In this interview, I’m asking Thomas Grant, the interviewee who was born and raised in Philadelphia, questions about the Civil Rights Movement, his childhood, his education, and things that were happening in his neighborhood. A couple of questions he doesn't know, but his answers to other questions were things I never knew about. This 67 year-old man witnessed a lot of things during work, school, or even when is at home, but he never participated during that time. When you read and/or listen to the interview, you might learn new things that you never would've guessed.
During the interview, Thomas brought up the Million-Man march. He said that he seen a couple people from his job who went down to Washington D.C. When I researched that event, it said that it happened 20 years ago (October 16, 1995) at Washington D.C. and the website Million Man March says: “The Million Man March was one of the most historic organizing and mobilizing events in the history of Black people in the United States.” The person that led the march was Minister Louis Farrakhan who is the leader for Nation of Islam, but besides that he was a black religious and social leader.
Interview Part 1
Tyrone: Okay, hello, um..my name is Tyrone Grant. What is yours?
Thomas: Uh...Thomas Grant.
Tyrone: Okay, so...do you remember your parents?
Thomas: (chuckled) Yes.
Tyrone: Okay, so what were your parents like when you were a kid?
Thomas: Um...my parents were...giving, but demanding. They were religious and um...they made sure we had everything we needed. As children growing up, we were fed, clothed, sheltered, they were good and it was a good time.
Tyrone Okay, okay, so where were you living when you were a kid? Outside the state or…
Thomas: I was living in Philadelphia.
Tyrone: So, when you were younger, did you see any role of race in society?
Thomas: Yes, on the news for one, just with the police department how blacks were treated compared to the whites. Certain neighborhoods if you went into them, they would stop you, and harass you. It was...a time where when you stayed in your neighborhood, you were fine.
Tyrone: Oh wow, so how about your parents? Did they see any types of discrimination?
Thomas: Uh yeah, well my dad fought in World War II, and he was born in the South and he had to leave the South and came North because of racism.
Tyrone: Alright, so that’s pretty interesting. So what was it like being you know...a son of a man who fought in the war?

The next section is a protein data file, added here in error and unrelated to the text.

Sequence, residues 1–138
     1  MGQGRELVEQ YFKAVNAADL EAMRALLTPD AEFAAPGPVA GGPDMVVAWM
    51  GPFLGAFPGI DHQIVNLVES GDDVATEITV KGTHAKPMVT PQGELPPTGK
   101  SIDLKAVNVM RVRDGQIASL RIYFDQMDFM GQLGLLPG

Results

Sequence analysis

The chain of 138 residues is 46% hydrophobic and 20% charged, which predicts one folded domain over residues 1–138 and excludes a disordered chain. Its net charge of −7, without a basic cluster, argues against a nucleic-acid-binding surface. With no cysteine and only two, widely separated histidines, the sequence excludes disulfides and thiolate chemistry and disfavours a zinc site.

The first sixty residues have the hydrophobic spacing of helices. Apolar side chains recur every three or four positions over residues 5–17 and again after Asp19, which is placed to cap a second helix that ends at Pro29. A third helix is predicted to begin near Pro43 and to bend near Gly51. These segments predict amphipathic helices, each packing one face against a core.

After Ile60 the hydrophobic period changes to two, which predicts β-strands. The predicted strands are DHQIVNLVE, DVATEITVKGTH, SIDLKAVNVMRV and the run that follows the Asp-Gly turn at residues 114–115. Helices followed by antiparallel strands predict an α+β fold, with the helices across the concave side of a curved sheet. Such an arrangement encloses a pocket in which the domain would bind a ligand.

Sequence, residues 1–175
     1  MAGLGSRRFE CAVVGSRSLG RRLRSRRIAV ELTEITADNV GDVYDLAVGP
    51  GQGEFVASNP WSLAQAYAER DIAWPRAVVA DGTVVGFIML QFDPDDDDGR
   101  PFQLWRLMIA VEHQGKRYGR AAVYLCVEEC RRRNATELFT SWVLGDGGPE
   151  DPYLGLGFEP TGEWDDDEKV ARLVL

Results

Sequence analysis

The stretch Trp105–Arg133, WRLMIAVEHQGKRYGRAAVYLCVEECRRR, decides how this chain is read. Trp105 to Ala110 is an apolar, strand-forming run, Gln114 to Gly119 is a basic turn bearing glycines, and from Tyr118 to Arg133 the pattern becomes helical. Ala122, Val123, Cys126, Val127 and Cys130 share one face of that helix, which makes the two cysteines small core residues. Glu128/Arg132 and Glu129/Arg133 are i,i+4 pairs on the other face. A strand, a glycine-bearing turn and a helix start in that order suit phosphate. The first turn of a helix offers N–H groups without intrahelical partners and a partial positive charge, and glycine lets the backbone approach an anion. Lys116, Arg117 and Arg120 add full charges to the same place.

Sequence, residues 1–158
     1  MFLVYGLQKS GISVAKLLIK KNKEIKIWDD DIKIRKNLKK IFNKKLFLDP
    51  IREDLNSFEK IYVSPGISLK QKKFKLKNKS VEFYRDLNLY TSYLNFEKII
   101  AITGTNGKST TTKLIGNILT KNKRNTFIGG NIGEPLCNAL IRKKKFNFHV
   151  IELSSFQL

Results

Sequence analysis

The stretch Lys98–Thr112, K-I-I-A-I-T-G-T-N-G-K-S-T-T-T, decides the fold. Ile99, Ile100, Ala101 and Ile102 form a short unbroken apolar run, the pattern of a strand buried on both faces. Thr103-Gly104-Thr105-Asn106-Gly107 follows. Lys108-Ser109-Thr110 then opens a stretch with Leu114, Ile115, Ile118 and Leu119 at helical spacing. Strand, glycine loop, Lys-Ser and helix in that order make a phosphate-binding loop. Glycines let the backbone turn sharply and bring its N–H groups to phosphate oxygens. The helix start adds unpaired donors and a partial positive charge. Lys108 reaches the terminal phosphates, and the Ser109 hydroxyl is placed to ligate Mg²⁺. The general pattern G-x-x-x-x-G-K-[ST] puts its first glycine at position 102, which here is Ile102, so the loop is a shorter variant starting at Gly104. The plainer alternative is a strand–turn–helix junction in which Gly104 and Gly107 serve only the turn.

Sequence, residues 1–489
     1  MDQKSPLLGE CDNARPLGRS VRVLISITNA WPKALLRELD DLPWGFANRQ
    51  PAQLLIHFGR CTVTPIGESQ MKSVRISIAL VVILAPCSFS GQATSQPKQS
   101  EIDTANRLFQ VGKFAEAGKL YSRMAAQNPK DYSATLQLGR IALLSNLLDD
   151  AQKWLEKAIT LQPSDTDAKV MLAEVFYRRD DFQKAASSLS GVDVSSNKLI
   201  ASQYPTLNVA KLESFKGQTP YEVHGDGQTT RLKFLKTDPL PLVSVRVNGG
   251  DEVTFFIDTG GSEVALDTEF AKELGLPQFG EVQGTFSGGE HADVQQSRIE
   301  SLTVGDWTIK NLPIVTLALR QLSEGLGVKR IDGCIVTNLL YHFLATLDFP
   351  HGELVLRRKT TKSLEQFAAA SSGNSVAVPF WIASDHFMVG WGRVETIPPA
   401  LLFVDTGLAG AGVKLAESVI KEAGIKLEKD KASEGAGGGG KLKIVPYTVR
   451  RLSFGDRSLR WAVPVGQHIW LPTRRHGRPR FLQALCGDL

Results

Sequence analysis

Thomas: He didn’t talk about the war much. He was more into providing, so he spent his time trying to make a...make it so we can survive. At one time, I was told he was making $0.76 an hour, so money was not there like it is today. I’m blessed because I’m able to make a lot more. (giggling)
Tyrone: So that’s pretty interesting. So have you witnessed or involved, or were involved (correcting myself) in anything about the Civil Rights Movement?
Thomas: I’ve witnessed...well basically what you saw on the news; police brutality in Philadelphia. We had riots back in the 60’s because of prejudice and racism. Martin Luther King as you know, being on the news and seeing what he was fighting for. Knowing and heard of the...people talk about it; athletes who’ve played basketball, saying that they couldn’t go in the front door of a restaurant where they was going to go to eat. The Boston Celtics, the center for them talked about it, people talked about it, but coming up when we were coming up, it wasn’t too much we could really do.
Tyrone: Okay, so you’ve mentioned riots and stuff in Philadelphia, correct?
Tyrone: Okay, so were you involved in those riots?
Thomas: No I wasn’t involved in them, but...they were basically in our neighborhood. Police...attacked a boy and before anybody realized or knew what was going on, people gotten together and four or five blocks away from where I was living, Columbia Avenue and Susquehanna Avenue, they were tearing up, destroying stuff, breaking into the stores, and they brought out the National Guard. So yea I’ve seen it, I didn’t get involved in it.